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Wednesday, February 3, 2010

Welcome Sharon Lathan--The Court of St. James

Linda Banche here. We at Historical Hussies are again delighted to host Regency author Sharon Lathan. Today, Sharon blogs about The Court of St. James , the English royal residence in Regency times.

Welcome, Sharon!

The Court of St. James

By Sharon Lathan

Among the many surprises this American author uncovered while researching was the fact that Buckingham Palace has only been the royal residence since 1837. The familiar image of that sprawling palace of grey stone with stoic guards standing at attention is indelibly etched upon my brain. In a country where traditions hold for centuries and structures erected hundreds of years ago are still occupied, it certainly is logical to think that Buckingham Palace has been the seat of power forever!

Once upon a time there was a hospital for leprous women dedicated to St. James the Less. The religious foundation, and home to nuns and brethren of the faith, happened to sit upon a wide expanse of stunning greensward. In 1531 Henry VIII set his covetous eyes on this area and, well it isn’t hard to fathom what he wanted! It was the year of his marriage to Anne Boleyn and his devotion to the church was waning – to say the least. In short order the hospital was destroyed and a manor house constructed. (Click on the images to enlarge them.)

Built of red brick in the Tudor style with turrets and a lofty gatehouse encompassing four courtyards, St. James’s Palace evolved over several decades. The dwelling place of Henry and his queen was modest compared to the later structure, but the original gateway remains intact today. State apartments faced St. James’s Park and the gardens. Receiving rooms, such as the Tapestry Room, Presence Chamber, Great Council chamber, drawing rooms, and the apartments dedicated to the Yeoman of the Guard, were noted to be spacious and commodious, but not particularly imposing or elegant compared to most royal palaces. A number of private residences were built along Pall Mall and the adjacent land, all part of the Court itself, to house the aristocracy, royal dowagers, visiting nobility, and Lord Chamberlain.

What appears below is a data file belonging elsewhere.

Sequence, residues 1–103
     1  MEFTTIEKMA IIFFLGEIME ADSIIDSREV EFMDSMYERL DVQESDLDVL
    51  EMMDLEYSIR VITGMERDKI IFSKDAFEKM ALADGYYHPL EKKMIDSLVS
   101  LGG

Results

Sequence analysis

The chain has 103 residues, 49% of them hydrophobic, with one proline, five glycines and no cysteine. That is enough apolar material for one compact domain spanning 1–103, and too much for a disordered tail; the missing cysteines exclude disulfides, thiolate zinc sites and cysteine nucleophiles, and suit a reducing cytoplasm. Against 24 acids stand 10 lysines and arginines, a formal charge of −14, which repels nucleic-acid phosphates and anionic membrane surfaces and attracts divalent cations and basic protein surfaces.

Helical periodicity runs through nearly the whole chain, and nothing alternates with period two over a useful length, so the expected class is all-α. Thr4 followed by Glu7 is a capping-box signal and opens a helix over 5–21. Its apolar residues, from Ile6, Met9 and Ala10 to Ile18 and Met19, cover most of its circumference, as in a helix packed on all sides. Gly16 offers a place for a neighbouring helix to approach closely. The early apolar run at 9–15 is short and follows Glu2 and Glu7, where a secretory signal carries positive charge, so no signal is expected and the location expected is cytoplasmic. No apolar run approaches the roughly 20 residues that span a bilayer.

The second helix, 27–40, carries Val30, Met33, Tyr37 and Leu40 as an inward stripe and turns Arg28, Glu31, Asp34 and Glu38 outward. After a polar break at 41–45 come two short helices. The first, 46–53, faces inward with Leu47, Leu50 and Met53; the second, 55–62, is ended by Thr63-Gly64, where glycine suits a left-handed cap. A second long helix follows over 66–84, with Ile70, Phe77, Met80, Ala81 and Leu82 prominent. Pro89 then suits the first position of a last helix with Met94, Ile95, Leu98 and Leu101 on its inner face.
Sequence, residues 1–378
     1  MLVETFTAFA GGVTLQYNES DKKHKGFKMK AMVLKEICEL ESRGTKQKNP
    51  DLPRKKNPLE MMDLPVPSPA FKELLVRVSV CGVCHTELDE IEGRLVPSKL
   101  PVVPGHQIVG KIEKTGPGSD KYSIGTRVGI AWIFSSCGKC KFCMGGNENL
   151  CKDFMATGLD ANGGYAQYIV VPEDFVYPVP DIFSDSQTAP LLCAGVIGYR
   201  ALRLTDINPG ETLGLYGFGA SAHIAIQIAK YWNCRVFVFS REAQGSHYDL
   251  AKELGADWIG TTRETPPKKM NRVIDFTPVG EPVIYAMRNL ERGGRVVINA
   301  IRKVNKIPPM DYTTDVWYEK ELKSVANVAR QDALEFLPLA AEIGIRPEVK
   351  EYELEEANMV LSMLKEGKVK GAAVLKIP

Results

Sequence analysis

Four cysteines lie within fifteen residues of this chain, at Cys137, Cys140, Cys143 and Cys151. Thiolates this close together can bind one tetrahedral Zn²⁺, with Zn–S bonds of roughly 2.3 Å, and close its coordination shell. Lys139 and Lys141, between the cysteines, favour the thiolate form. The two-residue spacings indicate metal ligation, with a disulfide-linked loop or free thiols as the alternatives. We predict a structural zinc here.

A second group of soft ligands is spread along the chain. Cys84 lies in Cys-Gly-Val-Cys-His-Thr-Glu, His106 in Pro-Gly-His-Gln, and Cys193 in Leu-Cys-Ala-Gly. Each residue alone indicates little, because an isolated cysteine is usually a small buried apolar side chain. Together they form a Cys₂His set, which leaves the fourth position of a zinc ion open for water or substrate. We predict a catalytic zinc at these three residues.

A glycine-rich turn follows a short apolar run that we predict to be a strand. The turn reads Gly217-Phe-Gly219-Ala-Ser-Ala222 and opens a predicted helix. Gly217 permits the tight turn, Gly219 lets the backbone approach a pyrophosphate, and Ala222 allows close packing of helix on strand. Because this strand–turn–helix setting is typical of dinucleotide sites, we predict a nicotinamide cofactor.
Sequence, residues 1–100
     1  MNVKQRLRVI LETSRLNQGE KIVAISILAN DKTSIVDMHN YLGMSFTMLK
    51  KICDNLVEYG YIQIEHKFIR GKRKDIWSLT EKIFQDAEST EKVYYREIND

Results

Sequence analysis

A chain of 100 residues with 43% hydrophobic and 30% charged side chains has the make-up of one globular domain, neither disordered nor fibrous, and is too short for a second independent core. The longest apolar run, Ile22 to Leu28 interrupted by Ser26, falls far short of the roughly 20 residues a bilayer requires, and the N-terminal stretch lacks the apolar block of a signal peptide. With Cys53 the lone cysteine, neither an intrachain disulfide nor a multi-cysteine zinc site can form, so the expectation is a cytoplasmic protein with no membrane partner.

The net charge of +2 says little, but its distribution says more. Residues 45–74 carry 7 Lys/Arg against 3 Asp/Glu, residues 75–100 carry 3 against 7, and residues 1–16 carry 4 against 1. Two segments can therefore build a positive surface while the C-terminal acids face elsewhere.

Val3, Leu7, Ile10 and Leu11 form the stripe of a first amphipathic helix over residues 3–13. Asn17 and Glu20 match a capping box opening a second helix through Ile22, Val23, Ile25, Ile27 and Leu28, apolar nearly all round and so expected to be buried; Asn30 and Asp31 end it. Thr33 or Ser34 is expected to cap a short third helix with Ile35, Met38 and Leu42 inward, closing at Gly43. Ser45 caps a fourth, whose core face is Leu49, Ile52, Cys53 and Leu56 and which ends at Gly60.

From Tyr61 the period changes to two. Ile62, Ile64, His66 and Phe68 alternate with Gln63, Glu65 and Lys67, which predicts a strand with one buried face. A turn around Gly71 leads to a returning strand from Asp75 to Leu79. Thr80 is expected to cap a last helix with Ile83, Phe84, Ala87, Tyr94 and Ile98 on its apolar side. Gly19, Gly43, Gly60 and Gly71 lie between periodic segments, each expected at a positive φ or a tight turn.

Henry VIII divided his time between St. James, Westminster, and Whitehall, as well as numerous country abodes. The vast woodland and fields surrounding St. James were teaming with game and offered everything the outdoorsy Henry and his queens loved. In his lifetime court was primarily held at Whitehall, which was the seat of administration until destroyed by fire in 1698, but as the decades proceeded St. James’s Palace grew steadily in importance. William III moved permanently into St. James’s Palace and transferred the administrative center of the monarchy as well.

For nearly three hundred years the Court of St. James was the defining English Court. Every monarch lived there at least part of the time, a plethora of historical events occurred there, monumental decisions were made, and anyone of any importance was brought to the Court of St. James to be presented to the ruling monarch. Levees for men and drawing-rooms for women were highly formalized affairs, absolutely necessary, and the origin of proscribed fashion for all of Society.